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In-Your-Service

Kelowna-Lake Country MP wants Parliament recalled now

Unacceptable delay

In justifying his early, $600 million snap election, the prime minister said the election “may be the most important since 1945 and certainly (in) our lifetimes”.

With that, I hoped he would recall Parliament quickly, so that all MPs could get back to advocating for the priorities of our local communities in Ottawa.

However, despite the fact the election was well over a month ago, Parliament is not set to return for nearly another month—on Nov. 22.

Since the prime minister said this was such an important election, I can’t help but wonder why he’s pursuing such a delay.

Canada’s Conservatives have been calling for a quick return so we can get back to work to address the very big and exceedingly urgent challenges our country is facing.

Locally and nationally there are so many important issues I, and my Conservative colleagues, are ready and willing to tackle immediately.

• Inflation is at the highest it’s been since February 2003 and it’s hitting our community at the grocery store, gas pump and in hardware stores.

• Pandemic support programs have started to expire but businesses and people continue to need more support. At the same time, I’m still hearing from local businesses that they simply cannot find enough workers.

• The Okanagan Rail Trail remains unfinished due to federal government delays dating back years before I became an MP and is something I have been advocating to have completed since I was elected in 2019. We need the Indigenous services minister to get moving on this important local issue.

• Kelowna International Airport remains closed to international flights. Since I wrote to the (Transport) minister last month for the second time, asking for a timeline on re-opening, I’ve heard from business leaders, community organizations, municipal officials from across the Okanagan and regular travellers who need the airport fully re-opened. I sent a new package this week to the minister with copies of support letters.

• Ski resorts are also facing a labour crunch, and they’re saying delays in visa processing are hurting their chances of re-opening with the full services that people want. I was proud to join Michael J. Ballingall from Big White Ski Resort, the board chairman of the Thompson Okanagan Tourism Association, earlier this month in writing to the immigration, refugees and citizenship minister to ask the government to extend working visas for people already in Canada until March 2022.

This would allow temporary workers to work through the ski season.

It is a small, simple solution that ski operators and other tourism businesses across Canada have said would help address their labour crunch.

By not recalling Parliament, the prime minister has ensured there are no debates, no committees, and no Question Period. In short – no accountability, no scrutiny, and no results.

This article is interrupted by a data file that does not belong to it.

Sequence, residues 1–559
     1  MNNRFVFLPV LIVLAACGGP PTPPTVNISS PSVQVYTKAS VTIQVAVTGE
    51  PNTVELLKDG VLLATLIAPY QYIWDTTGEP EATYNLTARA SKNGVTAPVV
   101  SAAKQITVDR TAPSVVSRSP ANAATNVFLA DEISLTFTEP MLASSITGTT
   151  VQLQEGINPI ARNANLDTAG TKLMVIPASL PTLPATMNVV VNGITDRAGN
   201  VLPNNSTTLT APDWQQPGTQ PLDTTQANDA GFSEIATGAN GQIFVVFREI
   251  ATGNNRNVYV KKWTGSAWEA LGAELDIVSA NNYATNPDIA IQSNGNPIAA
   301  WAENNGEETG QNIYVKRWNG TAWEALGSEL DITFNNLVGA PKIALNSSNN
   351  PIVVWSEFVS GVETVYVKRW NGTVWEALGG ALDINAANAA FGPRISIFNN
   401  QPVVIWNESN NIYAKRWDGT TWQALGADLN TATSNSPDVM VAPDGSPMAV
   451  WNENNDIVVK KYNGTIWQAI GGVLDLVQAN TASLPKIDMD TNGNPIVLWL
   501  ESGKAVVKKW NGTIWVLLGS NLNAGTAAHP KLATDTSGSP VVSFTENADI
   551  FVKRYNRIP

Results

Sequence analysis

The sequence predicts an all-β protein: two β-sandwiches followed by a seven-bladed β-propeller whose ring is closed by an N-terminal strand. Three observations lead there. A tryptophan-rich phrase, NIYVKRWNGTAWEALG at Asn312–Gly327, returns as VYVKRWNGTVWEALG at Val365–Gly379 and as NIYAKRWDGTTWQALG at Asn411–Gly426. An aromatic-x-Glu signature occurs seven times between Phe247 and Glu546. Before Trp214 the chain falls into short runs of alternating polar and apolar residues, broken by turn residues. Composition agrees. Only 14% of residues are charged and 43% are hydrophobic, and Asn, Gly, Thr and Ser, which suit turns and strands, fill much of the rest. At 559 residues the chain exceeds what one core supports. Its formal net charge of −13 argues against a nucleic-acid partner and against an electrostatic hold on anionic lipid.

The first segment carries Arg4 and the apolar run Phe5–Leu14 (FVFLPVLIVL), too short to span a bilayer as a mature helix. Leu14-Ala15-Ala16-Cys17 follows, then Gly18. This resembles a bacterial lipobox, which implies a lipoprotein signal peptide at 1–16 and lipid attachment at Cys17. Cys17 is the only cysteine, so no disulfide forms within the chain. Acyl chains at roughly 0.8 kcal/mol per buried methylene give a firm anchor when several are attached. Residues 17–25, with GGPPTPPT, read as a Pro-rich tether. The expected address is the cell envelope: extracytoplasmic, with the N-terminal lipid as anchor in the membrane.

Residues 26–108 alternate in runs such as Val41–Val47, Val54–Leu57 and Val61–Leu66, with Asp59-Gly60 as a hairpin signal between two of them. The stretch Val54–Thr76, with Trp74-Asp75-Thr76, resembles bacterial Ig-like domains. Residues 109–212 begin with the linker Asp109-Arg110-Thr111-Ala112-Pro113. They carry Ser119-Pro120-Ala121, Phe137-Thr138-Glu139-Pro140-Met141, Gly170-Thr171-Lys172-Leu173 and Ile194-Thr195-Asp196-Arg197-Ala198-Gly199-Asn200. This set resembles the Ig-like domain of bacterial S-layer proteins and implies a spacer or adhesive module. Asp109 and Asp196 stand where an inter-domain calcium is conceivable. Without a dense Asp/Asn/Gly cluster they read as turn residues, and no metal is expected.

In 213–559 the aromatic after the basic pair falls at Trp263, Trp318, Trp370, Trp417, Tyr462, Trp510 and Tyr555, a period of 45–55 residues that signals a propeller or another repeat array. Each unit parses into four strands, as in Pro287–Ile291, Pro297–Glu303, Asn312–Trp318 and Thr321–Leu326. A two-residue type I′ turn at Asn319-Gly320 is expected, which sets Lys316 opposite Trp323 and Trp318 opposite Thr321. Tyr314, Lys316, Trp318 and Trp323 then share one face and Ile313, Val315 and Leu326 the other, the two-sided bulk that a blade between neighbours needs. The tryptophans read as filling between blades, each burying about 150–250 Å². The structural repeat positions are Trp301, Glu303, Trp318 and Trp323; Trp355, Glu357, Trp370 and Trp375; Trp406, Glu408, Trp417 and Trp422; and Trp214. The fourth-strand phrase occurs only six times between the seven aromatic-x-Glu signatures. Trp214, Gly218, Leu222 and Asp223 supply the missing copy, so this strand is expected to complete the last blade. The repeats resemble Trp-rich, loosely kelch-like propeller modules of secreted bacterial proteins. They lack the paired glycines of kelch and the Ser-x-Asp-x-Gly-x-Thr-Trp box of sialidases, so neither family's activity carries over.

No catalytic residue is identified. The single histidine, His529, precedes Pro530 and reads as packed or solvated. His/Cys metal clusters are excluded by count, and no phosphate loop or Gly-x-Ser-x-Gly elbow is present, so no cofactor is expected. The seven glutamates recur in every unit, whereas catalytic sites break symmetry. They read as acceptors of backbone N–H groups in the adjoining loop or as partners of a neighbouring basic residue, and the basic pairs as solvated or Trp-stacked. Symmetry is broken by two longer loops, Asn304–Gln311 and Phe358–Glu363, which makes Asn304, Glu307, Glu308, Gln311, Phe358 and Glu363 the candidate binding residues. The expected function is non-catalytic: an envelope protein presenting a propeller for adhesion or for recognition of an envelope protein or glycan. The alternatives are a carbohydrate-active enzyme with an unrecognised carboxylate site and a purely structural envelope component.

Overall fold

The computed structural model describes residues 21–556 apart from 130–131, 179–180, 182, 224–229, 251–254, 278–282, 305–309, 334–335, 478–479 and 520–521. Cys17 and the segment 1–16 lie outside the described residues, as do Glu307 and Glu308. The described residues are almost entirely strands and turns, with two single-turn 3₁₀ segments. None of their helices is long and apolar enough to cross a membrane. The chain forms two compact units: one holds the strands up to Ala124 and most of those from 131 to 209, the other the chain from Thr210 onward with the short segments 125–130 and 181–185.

After a $600 million election, Canadians deserve a return on their investment.

Our country is facing some big challenges and our community has specific issues that need to be addressed. I’ve been back at work, advocating on your behalf and I wish I could say the same of our prime minister.

When we do get back to Ottawa in November, I promise to continue to hold the government to account and fight for your priorities.

As always, please reach out if you have any thoughts, ideas, or concerns on this or anything else, or if you need any assistance with federal services to [email protected] or 250-470-5075.

If you’d like to stay up to date on my work in both Ottawa and Kelowna-Lake Country, visit tracygraymp.ca to join my newsletter.

This article is written by or on behalf of an outsourced columnist and does not necessarily reflect the views of Castanet.



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About the Author

Tracy Gray, Conservative MP for Kelowna-Lake Country, is the official Opposition’s critic for Small Business Recovery and Growth.

She is a member of the national caucus committee’s credit union caucus, wine caucus, and aviation caucus.

Gray, who has won the RBC Canadian Woman Entrepreneur of the Year Award, and the Kelowna Chamber of Commerce Business Excellence Award, worked for 27 years in the B.C. beverage industry.

She founded and owned Discover Wines VQA Wine Stores, which included the No. 1 wine store in B.C. for 13 years. She has been involved in small businesses in different sectors — financing, importing, oil and gas services and a technology start-up — and is among the “100 New Woman Pioneers in B.C."

Gray was a Kelowna city councillor for the 2014 term, sat on the Passenger Transportation Board from 2010-2012 and was elected to the board of Prospera Credit Union for 10 years.

In addition, she served on the boards of the Okanagan Film Commission, Clubhouse Childcare Society, Kelowna Chamber of Commerce, Okanagan Regional Library and was chairwoman of the Okanagan Basin Water Board.

She volunteers extensively in the community and welcomes connecting with residents.

She can be reached at 250-470-5075, and [email protected]

 



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The views expressed are strictly those of the author and not necessarily those of Castanet. Castanet does not warrant the contents.

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